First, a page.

The principal way to avoid sinning in daily life is to personally possess an abundance of scriptural treasures. Closely allied to Psalm 119:11 is Paul's command in Colossians 3:16, in which internalizing and abundance are emphasized: "Let Christ's Word dwell in you richly," and the message of Deuteronomy 6:5, 8-9 (repeated in Deut. 11:18) is:
These words with which I am now commanding you shall be on your heart.... You shall bind them as a token on your hands, wear them on your forehead as a badge, and write them on the doorposts of your houses and on your gates....
Clearly, in all of these passages, God is requiring you to internalize the Scriptures for use in day-by-day, Thursday living. According to Deuteronomy 6:5, one loves God with all his heart, soul, and might when he daily lives according to the commandments of God recorded in the Scriptures.
When Moses writes of the Scriptures being "on" the heart, that means more than our phrases "in your heart" or "by heart," which more or less have to do with memorization. The preposition "on" is used in this expression to convey the idea of affecting the heart—we might also translate it "riding heard on the heart" (i.e., continually guiding and directing the heart). When the Scriptures lead the inner life (the heart) they will control what one thinks (Scripture on the forehead), does (Scripture on the hand), what goes on in his home (Scripture on the doorpost), and even what he does when he goes out (Scripture on the city gates).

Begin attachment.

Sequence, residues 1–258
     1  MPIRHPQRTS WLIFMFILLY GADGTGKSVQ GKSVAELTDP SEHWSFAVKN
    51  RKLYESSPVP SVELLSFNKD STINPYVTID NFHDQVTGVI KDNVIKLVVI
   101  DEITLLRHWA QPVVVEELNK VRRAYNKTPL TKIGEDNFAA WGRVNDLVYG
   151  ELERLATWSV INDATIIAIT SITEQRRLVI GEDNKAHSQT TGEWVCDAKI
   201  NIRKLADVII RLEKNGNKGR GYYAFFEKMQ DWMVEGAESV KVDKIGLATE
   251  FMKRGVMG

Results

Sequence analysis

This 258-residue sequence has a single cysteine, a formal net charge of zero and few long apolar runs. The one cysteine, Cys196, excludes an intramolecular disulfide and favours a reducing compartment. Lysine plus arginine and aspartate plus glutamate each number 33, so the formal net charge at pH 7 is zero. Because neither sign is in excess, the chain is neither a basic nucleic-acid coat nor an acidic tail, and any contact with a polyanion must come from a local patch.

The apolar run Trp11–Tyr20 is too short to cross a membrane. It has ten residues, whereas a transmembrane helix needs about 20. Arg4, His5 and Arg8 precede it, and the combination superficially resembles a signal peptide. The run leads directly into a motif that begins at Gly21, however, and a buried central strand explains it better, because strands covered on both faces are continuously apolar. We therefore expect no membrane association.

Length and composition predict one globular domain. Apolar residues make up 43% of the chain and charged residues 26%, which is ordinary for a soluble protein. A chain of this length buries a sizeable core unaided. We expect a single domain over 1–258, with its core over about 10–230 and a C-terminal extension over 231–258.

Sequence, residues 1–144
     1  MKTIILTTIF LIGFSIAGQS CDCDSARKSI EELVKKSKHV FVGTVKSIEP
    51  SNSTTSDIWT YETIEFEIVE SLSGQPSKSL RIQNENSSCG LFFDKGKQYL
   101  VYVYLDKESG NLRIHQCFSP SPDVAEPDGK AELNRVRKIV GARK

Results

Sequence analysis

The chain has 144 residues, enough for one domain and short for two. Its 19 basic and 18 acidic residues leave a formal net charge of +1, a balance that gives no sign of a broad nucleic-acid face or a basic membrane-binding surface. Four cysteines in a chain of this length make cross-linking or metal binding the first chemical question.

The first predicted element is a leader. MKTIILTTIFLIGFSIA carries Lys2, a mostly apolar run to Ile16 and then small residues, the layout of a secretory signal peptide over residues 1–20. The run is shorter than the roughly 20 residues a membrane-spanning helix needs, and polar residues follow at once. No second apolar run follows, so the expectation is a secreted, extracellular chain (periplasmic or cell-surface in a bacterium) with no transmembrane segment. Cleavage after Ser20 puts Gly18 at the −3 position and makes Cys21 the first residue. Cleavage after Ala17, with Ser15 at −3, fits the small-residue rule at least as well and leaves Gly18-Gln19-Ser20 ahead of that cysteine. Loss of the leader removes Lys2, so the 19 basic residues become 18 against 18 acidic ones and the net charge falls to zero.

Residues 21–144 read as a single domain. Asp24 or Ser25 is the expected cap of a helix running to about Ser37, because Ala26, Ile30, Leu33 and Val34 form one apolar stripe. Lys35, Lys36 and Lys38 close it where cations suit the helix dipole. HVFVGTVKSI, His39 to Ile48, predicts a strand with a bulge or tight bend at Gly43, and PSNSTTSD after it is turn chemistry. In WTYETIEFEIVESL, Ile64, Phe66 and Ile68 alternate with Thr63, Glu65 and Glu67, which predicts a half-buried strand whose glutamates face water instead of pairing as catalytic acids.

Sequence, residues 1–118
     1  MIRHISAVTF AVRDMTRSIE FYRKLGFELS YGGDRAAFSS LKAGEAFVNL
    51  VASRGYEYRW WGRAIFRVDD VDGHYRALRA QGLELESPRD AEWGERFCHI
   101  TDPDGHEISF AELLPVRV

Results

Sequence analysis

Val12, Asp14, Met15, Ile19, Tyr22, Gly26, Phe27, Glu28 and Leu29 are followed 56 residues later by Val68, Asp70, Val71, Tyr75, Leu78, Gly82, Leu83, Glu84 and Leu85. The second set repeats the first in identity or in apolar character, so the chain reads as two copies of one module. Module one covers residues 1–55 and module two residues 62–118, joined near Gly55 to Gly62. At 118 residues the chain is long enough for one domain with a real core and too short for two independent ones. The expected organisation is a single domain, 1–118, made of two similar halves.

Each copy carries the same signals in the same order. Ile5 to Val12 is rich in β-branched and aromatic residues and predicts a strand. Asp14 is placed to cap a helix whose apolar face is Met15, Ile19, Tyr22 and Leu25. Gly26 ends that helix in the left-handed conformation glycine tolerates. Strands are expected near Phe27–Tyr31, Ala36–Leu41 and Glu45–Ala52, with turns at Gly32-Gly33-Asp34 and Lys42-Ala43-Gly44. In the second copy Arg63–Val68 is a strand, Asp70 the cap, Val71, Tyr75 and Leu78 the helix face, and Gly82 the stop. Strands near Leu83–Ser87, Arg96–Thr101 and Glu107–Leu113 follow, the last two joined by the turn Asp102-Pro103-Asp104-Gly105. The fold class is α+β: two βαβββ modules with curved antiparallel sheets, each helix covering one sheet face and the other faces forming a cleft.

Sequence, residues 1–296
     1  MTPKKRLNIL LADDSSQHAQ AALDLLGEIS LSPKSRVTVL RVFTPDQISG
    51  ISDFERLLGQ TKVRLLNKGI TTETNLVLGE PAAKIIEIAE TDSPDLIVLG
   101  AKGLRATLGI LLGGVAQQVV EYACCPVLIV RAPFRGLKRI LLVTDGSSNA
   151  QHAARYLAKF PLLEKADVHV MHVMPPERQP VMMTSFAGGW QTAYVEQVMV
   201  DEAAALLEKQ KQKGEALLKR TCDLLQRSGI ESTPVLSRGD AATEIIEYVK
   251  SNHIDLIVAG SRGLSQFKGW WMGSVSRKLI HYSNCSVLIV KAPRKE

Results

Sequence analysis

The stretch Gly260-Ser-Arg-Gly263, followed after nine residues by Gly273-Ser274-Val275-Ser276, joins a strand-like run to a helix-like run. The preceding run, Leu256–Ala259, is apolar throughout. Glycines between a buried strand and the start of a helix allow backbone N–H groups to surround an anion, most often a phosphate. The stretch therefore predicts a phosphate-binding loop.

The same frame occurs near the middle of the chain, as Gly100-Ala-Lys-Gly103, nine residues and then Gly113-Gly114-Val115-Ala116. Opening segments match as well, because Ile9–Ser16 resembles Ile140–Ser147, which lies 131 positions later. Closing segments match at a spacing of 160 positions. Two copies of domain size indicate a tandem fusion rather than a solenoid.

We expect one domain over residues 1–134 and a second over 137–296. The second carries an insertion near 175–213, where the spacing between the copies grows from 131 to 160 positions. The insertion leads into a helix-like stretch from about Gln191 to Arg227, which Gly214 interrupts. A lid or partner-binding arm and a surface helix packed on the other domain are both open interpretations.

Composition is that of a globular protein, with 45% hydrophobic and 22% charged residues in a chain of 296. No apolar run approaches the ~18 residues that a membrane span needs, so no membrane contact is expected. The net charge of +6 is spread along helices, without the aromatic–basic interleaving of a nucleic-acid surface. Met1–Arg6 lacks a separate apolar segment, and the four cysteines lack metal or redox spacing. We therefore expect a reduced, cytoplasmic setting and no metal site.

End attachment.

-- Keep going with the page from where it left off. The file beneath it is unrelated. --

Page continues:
Paul's conept of the "riches" (or treasures) of Christ's Word "dwelling" within says the same thing in a third way. Dwelling speaks ofo a permanent residence within. It is the person embodying God's truth; the truth so permeates and influences him that he lives his life out of that treasure or storehouse of truth. Again, the truth is not just there, to be recalled for the next Bible quiz. It is not merely filed for quik retrieval (though that is a part of the process), but it is the dominant influence in daily life.
All of these passages, then, refer to the controlling and guiding power of the Bible. Plainly, God intended the Bible to play a practical part in everyday affairs. But, once again, let me ask your question for you—"How? What does Bob do when he is faced with a problem at work on Thursday?"
I have observed that, even if he wanted to, Bob could not take three or four hours from his work to do a quick Bible study in order to seek an answer. How, then, does he respond?
This problem is precisely the one that is met by the passages that I have been presenting to you in this chapter; they all speak of the Scriptures controlling the life and the decision-makin process from their residence in the heart. Basically, Bob (or you) must know enough Bible—what it says, where it is located (for quick reference), and what it means—to enable him to put together an answer as soon as possible. Usually, when possible, he will refresh his inner understanding by reviewing several portions of the Bible; sometimes, however, he will not be able to do this. So it will be essential for him to know the Bible's teachin on various problems, often before the problem arises."—Adams, Jay. What to do on Thursday? pg 56-58.